The hemisphere surveyed by U.S. Southern Command will see an increased U.S. military presence with more platforms and security forces to improve regional readiness and interoperability and better enable counterdrug operations, the combatant commander said March 11.

The command has been consistently working with between six and eight ships, whether they be Navy platforms, Coast Guard cutters or law enforcement vessels. But it requires additional forces to address the counter-narcotics mission set, U.S. SOUTHCOM Commander Adm. Craig Faller told reporters at the Pentagon on Wednesday.

“Recognizing these complex challenges in our neighborhood, we will see an increase in U.S. military presence,” Faller said. That will include ships, aircraft and security forces “to reassure our partners, improve U.S. and partner readiness and interoperability, and counter a range of threats, to include narcoterrorism.”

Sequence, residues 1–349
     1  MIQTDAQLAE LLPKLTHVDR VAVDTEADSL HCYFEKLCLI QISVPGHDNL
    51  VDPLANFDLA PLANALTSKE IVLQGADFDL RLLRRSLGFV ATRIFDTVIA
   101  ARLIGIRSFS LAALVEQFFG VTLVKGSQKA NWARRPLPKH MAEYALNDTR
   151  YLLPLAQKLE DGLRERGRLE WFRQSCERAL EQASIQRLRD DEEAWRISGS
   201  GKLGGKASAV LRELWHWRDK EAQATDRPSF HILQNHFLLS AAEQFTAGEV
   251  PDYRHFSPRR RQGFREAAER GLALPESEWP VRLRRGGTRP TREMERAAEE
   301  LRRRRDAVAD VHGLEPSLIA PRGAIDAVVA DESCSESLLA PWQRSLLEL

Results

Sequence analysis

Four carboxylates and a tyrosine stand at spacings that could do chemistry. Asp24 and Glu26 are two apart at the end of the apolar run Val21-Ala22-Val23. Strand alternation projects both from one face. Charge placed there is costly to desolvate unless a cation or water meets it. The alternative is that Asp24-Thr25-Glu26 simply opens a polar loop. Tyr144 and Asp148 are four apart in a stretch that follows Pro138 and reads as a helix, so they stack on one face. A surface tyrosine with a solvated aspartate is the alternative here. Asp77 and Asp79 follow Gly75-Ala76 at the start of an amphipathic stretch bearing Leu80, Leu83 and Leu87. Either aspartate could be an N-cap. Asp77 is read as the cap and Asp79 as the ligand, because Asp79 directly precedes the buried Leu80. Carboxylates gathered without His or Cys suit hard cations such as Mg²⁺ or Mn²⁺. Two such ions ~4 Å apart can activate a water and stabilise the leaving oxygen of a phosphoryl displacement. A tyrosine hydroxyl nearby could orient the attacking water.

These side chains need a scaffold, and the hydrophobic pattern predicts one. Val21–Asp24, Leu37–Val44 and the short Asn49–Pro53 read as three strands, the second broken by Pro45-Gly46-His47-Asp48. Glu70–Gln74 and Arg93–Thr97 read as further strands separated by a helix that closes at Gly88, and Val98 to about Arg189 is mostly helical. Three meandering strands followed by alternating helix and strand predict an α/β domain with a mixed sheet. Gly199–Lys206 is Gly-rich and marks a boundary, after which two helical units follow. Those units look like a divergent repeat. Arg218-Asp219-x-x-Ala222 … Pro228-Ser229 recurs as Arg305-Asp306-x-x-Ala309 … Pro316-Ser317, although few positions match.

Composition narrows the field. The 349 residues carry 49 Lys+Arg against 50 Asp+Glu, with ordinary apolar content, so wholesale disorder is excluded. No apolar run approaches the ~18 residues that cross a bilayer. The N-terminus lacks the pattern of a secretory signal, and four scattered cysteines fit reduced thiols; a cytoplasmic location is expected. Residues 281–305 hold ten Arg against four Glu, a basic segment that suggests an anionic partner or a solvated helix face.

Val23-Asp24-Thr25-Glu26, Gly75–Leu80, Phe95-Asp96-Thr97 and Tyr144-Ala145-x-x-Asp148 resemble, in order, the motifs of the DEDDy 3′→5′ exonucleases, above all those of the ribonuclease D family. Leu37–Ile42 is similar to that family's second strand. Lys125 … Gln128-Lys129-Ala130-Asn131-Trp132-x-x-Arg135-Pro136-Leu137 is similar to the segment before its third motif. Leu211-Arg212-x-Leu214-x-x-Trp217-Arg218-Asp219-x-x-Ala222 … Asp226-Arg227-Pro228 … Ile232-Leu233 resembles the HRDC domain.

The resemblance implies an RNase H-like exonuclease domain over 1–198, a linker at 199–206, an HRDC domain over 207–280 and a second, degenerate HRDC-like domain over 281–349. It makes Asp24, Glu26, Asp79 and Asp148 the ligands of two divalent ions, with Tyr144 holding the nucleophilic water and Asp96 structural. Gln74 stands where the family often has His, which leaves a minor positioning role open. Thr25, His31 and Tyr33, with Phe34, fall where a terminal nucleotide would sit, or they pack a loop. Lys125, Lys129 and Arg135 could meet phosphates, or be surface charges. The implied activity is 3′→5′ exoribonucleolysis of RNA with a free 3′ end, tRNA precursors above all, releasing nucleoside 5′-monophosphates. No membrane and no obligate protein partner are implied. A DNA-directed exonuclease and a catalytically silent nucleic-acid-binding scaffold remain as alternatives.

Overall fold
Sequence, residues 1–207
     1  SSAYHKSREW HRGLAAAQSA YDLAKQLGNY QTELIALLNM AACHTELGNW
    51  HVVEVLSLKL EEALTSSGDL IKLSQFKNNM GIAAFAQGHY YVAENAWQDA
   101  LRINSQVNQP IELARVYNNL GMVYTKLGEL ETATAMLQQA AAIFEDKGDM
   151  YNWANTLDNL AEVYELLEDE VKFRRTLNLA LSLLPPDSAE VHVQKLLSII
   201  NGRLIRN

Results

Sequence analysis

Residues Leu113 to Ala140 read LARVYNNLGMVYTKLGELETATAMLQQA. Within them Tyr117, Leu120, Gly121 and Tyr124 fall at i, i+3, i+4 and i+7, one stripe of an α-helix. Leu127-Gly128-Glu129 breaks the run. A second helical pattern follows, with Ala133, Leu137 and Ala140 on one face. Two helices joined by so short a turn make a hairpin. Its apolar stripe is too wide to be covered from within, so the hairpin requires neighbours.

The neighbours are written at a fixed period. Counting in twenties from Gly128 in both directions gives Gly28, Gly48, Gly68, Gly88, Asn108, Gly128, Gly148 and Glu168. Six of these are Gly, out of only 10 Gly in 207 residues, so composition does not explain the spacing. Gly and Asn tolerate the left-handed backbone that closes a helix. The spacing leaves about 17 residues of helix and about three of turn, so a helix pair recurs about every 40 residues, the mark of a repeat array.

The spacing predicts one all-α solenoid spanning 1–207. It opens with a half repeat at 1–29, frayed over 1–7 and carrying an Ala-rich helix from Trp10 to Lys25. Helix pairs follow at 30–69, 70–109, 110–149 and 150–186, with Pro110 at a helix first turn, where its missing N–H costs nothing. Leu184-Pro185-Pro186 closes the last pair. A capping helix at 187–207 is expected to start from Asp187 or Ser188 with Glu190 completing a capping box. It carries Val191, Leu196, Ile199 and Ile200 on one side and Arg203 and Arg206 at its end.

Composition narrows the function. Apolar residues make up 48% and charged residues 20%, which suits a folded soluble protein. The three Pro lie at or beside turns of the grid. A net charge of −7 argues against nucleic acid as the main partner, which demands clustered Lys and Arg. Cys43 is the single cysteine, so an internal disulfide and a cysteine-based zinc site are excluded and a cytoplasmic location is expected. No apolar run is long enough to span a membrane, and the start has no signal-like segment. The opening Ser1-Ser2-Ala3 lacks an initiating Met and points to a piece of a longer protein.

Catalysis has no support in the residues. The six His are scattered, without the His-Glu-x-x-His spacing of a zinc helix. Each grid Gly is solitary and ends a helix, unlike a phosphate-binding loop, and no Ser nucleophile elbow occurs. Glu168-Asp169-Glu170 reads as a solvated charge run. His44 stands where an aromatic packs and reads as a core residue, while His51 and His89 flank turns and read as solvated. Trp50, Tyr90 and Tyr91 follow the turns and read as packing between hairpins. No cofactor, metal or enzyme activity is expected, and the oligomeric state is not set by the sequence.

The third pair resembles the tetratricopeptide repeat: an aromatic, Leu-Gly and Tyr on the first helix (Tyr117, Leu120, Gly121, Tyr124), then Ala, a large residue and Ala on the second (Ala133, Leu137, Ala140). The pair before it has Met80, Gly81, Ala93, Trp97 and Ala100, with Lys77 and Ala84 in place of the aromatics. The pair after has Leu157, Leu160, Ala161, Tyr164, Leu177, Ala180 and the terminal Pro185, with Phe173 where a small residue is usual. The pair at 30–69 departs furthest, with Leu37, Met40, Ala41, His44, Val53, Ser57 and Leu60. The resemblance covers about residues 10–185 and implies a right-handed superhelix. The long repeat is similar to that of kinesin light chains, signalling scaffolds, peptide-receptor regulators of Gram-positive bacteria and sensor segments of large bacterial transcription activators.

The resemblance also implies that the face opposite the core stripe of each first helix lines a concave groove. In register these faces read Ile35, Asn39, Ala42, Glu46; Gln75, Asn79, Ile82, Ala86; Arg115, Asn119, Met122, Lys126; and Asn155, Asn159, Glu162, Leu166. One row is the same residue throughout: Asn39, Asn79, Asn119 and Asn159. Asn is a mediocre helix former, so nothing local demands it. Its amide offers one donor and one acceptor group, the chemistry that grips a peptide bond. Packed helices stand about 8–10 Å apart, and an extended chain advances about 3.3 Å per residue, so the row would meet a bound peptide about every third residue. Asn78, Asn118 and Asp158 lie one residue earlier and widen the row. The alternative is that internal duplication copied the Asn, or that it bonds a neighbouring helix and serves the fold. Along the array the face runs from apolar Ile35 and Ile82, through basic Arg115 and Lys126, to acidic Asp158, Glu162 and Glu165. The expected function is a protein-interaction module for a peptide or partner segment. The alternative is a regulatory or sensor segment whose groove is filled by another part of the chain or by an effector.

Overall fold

“You’ll see additional forces in the air, on land, sea, and some maneuver forces ashore, some security force assistance brigades to work with our partners,” he added. “It will be an all-domain approach.”

The goal is to move out “smartly” through 2020, Faller noted without providing an exact timeframe or the actual number of new platforms. He said there would be “more Coast Guard surging forward,” and the command welcomes “either package” of Navy destroyers or Littoral Combat Ships as both are helicopter-capable.